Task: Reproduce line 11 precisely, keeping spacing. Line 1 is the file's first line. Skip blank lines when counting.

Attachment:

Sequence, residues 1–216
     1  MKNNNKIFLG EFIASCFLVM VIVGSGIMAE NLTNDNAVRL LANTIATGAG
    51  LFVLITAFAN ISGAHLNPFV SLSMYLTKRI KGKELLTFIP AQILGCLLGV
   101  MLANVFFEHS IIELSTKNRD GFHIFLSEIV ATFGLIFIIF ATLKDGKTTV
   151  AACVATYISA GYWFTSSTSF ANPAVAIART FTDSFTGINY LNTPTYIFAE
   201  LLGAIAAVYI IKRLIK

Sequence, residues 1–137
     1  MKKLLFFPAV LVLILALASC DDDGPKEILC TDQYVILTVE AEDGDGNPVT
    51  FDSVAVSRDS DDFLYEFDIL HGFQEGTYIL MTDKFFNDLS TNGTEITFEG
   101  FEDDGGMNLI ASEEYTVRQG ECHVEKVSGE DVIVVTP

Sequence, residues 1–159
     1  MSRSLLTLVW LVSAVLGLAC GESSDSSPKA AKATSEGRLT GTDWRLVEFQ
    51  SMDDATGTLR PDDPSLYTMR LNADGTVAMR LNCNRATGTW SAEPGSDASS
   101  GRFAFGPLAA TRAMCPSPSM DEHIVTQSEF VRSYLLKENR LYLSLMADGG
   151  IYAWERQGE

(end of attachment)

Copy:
Sequence, residues 1–159